Routine & Ritual

Reflections & Ramblings: Volume Thirty-Six

Every morning at precisely 5:30am, a man named Fred Rogers woke up to start his day. He started it the same way each and every day. He would read his Bible and then pray for people by name, people from all across the country that had asked him if he would do that for them. 

He then would go to a local pool to swim laps. Before getting into the water, standing in his swim suit and goggles, he’d step onto a scale. Each and every day for over thirty years the scale read 143 pounds. 

That number, 143, was significant to him. He saw it as a symbol and described it as a gift. He thought of that number to mean “I love you.” The numbers 1-4-3 replacing the letters of each word of the phrase I-love-you. 

After he completed this morning routine, this ritual, he would go about the tasks of his day, which usually focused on connecting with other human beings. He would write letters to those who had written to him. He would visit with children and their parents who had come from all corners of this country to thank him for his impact in their lives. 

This would all happen even before the taping of his show. 

Mr. Rogers was faithful about taking an afternoon nap, recovering from the pouring out of love and compassion and attention upon other people. He also was insistent about getting a good night’s rest, going to bed exactly at 9:30 each night. He didn’t sleep in and he didn’t stay up late. He didn’t drink alcohol, didn’t smoke, and he didn’t eat meat of any kind. Supposedly because he didn’t want to eat anything that had a mother. 

I think it’s fair to say that Mr. Rogers was a man of discipline. 


Many people have nothing but respect for Mr. Rogers. In the last few years there have been at least a couple movies about him, one was a documentary and one was a “Based on a True Story” adaptation of Tom Junod’s Esquire article about him from 1998. 

I think many people wonder if Fred Rogers was really Mr. Rogers when he left the “Neighborhood.” And from all the interviews and documentaries and movies and books I’ve read about him over the last few years I’ve concluded that, yes, Fred Rogers was Mr. Rogers and Mr. Rogers was Fred Rogers. 

There’s a scene in the movie A Beautiful Day in the Neighborhood where the journalist meets Joanne Rogers, a.k.a. Mrs. Rogers, for the first time. He asks her what it’s like to be married to a living saint, and she replies that she is not fond of that term. “If you think of him as a Saint, then his way of being is unattainable,” she said, “You know he works at it all the time. It’s a practice. He’s not a perfect person.”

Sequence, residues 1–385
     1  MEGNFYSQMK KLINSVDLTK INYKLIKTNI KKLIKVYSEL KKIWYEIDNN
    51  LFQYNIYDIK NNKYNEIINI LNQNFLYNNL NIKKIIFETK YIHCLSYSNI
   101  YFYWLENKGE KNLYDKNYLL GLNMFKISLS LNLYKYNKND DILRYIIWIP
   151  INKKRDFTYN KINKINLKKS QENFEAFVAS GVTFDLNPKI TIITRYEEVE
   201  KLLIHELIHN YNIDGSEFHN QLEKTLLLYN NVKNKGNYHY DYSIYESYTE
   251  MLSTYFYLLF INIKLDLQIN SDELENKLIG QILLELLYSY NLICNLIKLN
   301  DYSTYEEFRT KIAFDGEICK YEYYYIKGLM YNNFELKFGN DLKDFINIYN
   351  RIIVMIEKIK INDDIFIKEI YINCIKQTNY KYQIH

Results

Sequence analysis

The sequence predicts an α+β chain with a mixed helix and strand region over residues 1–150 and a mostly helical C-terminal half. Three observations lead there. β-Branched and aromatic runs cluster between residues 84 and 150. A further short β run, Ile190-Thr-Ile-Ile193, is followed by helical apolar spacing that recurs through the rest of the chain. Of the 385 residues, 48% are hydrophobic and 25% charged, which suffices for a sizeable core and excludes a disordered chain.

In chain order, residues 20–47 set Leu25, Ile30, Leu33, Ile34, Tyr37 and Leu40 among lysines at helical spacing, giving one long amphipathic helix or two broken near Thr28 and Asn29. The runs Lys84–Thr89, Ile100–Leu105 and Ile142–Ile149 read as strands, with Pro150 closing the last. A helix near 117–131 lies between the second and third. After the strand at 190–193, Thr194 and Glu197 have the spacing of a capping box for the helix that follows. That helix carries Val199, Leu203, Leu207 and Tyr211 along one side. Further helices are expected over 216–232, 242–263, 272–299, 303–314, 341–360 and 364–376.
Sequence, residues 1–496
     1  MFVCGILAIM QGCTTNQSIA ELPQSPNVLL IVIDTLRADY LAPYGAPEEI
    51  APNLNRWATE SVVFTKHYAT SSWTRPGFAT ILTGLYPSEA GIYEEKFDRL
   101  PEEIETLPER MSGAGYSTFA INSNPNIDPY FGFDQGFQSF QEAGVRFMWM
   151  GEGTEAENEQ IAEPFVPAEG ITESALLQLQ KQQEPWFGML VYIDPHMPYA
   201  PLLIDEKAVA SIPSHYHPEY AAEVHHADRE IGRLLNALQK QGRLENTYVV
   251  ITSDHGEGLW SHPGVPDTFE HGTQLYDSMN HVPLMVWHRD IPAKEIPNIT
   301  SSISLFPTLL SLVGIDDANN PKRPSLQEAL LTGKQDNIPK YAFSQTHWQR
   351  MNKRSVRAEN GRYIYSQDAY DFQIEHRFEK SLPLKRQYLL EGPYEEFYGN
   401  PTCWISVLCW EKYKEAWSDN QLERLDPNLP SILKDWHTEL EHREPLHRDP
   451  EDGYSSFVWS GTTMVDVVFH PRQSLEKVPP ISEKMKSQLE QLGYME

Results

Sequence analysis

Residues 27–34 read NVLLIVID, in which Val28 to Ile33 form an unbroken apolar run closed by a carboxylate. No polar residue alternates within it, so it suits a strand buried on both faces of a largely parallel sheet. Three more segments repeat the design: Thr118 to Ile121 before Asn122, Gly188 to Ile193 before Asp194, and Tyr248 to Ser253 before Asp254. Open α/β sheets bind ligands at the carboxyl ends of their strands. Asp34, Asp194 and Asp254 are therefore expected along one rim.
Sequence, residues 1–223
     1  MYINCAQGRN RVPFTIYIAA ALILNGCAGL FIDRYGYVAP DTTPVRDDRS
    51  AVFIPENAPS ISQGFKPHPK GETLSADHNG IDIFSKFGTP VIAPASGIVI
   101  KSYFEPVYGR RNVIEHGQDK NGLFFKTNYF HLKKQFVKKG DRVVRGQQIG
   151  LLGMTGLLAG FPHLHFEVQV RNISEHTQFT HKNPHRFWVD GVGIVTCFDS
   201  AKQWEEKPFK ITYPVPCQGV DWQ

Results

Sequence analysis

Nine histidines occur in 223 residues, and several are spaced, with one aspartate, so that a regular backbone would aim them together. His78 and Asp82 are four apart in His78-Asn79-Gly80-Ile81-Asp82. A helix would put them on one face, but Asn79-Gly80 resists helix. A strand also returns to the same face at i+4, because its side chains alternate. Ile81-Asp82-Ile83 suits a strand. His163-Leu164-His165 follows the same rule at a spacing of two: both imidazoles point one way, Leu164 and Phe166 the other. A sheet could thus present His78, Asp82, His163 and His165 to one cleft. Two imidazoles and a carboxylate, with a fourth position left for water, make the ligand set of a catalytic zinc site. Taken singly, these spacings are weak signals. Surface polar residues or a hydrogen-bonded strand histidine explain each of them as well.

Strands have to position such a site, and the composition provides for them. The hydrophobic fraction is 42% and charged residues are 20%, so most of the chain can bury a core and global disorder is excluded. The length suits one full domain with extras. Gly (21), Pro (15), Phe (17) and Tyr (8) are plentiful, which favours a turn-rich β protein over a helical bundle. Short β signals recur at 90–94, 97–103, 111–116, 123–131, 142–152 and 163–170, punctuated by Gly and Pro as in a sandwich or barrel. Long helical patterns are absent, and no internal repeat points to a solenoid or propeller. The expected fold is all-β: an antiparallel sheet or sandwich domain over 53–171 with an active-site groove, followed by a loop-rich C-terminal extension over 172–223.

I really liked that short little scene. 

He works at it all the time. It’s a practice.
That sounds like discipline to me.


If you are wired anything like me, Mr. Rogers’ discipline inspires something deep down inside of you. The power of that influence reframes your own value system, changes how you look at your own willpower and your own aspirations. He makes you want to do better, be better.

Mr. Rogers wasn’t a saint. He was human, just the same as you or me. But he was a disciplined human. So I ask myself, what does it look like to be a disciplined man like Fred Rogers. 


I already live a fairly structured and disciplined life in many ways, but I’m inconsistent and not as ritualistic as I’d like to be. Like many people I thrive in structured consistency. This last year has worn on me, as it has on many people. I feel tired, anxious and often overwhelmed by any number of things going on in my life, whether it’s with my children or my work responsibilities. 

So how do I get to where I want to be? How do I manage the stress and the responsibilities of my life well? How do I keep good boundaries and practice good self-care, while being a good husband, father, and friend? 

That’s what I’m attempting to tackle this summer for myself. I’m looking to Fred Rogers as my guide.


Sleep was important to Mr. Rogers. It was clearly a priority. He went to bed at the same time each night, always making sure to get a solid eight hours and he took a nap in the afternoon. 

Sleep is one of the first things that I sacrifice in my life when things are busy and stressful. And because of that, that is where I want to start. I am ritualizing my end of the night routine, creating guidelines or rules to help myself be consistent and disciplined. They are specific to me, addressing bad habits I’ve had for decades now, but I’ll share them here in case they might help you, too. 

Andrew’s end of the night routine:

1. Take a shower. Relax and think and pray.
2. Put away dirty clothes in hamper. Don’t forget your socks.
3. No phone at the bed. For any reason, ever.
4. Journal each night. Write something down. 
5. Read from a book. Even just a few pages.
6. Have a glass of tea or whiskey. Depending on the day. 
7. Refill water kettle. For the morning’s coffee.
8. No social media after 10:00pm. Just don’t do it. 
9. Be in bed by 10:30. As often as is possible. 
10. Be asleep by 11:00. You need your rest. 


I figure if I have a consistently disciplined night routine it will help me develop a solid morning routine as well. And so as I attempt this end of the night routine, I plan on developing what I want my mornings to look like as I get used to what my summer schedule will be this year. 

If you happen to have routines or rituals that help you be disciplined in your life, would you mind sharing those with me? I’d love to hear them, learn from them.

Published by Andrew

a ragamuffin dad planting some sequoias

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